So the power sources, per unit cost, units to be made available etc. were all decided by the OERC. Had everything gone as per the plan, Gridco would not have bled losses. But that was not to be. OHPC – the most vital source that moderated Gridco’s total purchasing cost to a reasonable level – faltered in making committed supply to the Gridco. For a period OHPC’s supply almost dried up as if its reservoir beds have gone bare. At the last count, OHPC managed to produce just 4,136.139 MU till 25 March, 2010. With only six days remaining of this financial year, the OHPC is expected to produce another 60 MU. This will take OHPC’s total energy production for the year 2009-10 to about 4,200 MU. This is a mere two-third of what was expected from it. Because of this huge deficit supply from the OHPC, the Gridco was forced to scout for other suppliers to plug the gap. That has undone all calculations and caused severe losses to Gridco. As the other sources from which Gridco gets supply are already stretched, they are in no position to make additional supply to Gridco. Even if they make supply, the cost will be many times more than that of OHPC’s power. Now, Gridco has no other way than to purchase power from wily producers at exorbitant cost. Some privately owned CGPs, with whom the Gridco has purchase agreement, charge OERC fixed rate up to the agreement level. Beyond that… it’s the producer’s fiefdom – to grab profits as much as possible from the Gridco’s misery. The negotiations are held hardly on equal terms. The OERC plays no role there; it does not have any jurisdiction to play either. Naturally, power rates spiral with the summer heat. In such a similar situation, the Gridco purchased power at more than 800 paise per unit last year. The situation is ripe to worsen this year. Gridco has lost substantial units of very low cost energy – hydro power – and is now compensating that loss with very high cost energy.

The above explains the situation very nicely. Mr. Pandia then gives the data on the reservoir situation and says that they are in better shape (based on March 1 data) than previous years. But then he speculates that some "cleaver ploy is cooking." I think his analysis in the excerpt above explains the situation nicely. In short the initial OERC tariff was based on some assumption on how much power will come from OHPC. Now that OHPC did not supply that amount of power the last year (leading to 1000+ crore loss to OERC) and may not supply that amount this year, obviously OERC has to revise its tariff based on the new reality of how much power will come from where and how much will it cost.

Moreover, all these have not much to do with whether Odisha is a power surplus state or not. There is now a power market in the country. It is a question of balancing the cost of power and the revenue from the consumers.

Samaja’s Shilpayana Supplement: Power situation in Odisha

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Orissa power companies to improve infrastructure

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Following are excerpts from a New Kerala report on this.

Three power distribution companies have made a project outlay of Rs 50 crore to upgrade their infrastructure to supply quality power … to their customers.

The companies– Wesco, Nesco and Southco had submitted a detail plan of expenditure to the Electricity Regulatory Commission in this regard.

According to sources, the companies have geared up their machinery to supply uninterrupted power to high tension and extra high tension consumers.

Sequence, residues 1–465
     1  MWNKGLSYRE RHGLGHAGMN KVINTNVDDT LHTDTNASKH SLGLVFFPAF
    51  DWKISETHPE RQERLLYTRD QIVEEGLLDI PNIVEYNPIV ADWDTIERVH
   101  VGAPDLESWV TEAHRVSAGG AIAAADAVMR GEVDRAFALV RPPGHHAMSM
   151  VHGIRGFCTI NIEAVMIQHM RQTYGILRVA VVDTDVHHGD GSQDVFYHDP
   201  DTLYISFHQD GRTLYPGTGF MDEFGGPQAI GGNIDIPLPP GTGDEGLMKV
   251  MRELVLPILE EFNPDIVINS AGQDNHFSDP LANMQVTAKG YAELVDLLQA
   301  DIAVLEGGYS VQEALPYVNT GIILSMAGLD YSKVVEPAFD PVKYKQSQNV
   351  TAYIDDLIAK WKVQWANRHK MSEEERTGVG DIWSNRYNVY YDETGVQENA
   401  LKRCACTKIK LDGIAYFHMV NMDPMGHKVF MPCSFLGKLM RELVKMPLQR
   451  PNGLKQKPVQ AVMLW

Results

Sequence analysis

A team comprising members from Grid Corporation of Orissa, the three distribution companies and OPTCL had been chalking out plans to provide power to upcoming industries and new consumers on demand.

A plan to reduce the transmission and distribution loss by 15 per cent was being finalised and would soon be submitted to the GRIDCO, sources said.

The companies also urged the power ministry to complete the existing projects under the Accelerated Power Development and Reforms Programme.

A Statesman report, gives additional context to this. Following are some excerpts.

… three private distribution companies run by Reliance Energy has finally detailed its proposed funding and achievements.

In a situation where tariff has remained stagnant over 7 years , the company has maintained the system infrastructure with minimum spending. It has provided uninterrupted power and electricity to 1500 villages. The three distribution companies- Wesco, Southco and Nesco have also been regular in paying bulk supply bills to Gridco, salaries to employees etc noted Reliance Energy.

It is important to note that the energy minister, … had expressed his dissatisfaction with the company due to their lack of investment and the litigation over payment of dues. The chief minister had directed the energy department to prepare a detailed note and call the top brass of Reliance Energy for discussions.

Apparently jolted to action, the Reliance Energy has circulated a release stating that it has taken up up-rating and upgradation of the distribution infrastructure with an immediate outlay of Rs 50 crore.

It also claimed that in view of the growing ancillary, medium and large industries that were coming up in the state, a multidisciplinary team with members from Gridco, the three distribution companies and the power trading corporation has been formed to work out a strategy for quality power supply to such units. The distribution companies are also persuading the Ministry of Power to complete the existing APDRP works while the state government has also initiated a process to obtain a sanction of Rs 800 crore for the second phase, under APDRP, for the companies.

The distribution companies are also implementing the Biju Gramin Jyoti Yojana , while also finalizing their performance targets and Action Plan that will help reduce the transmission and distribution loss to the extent of 15 per cent as envisaged earlier.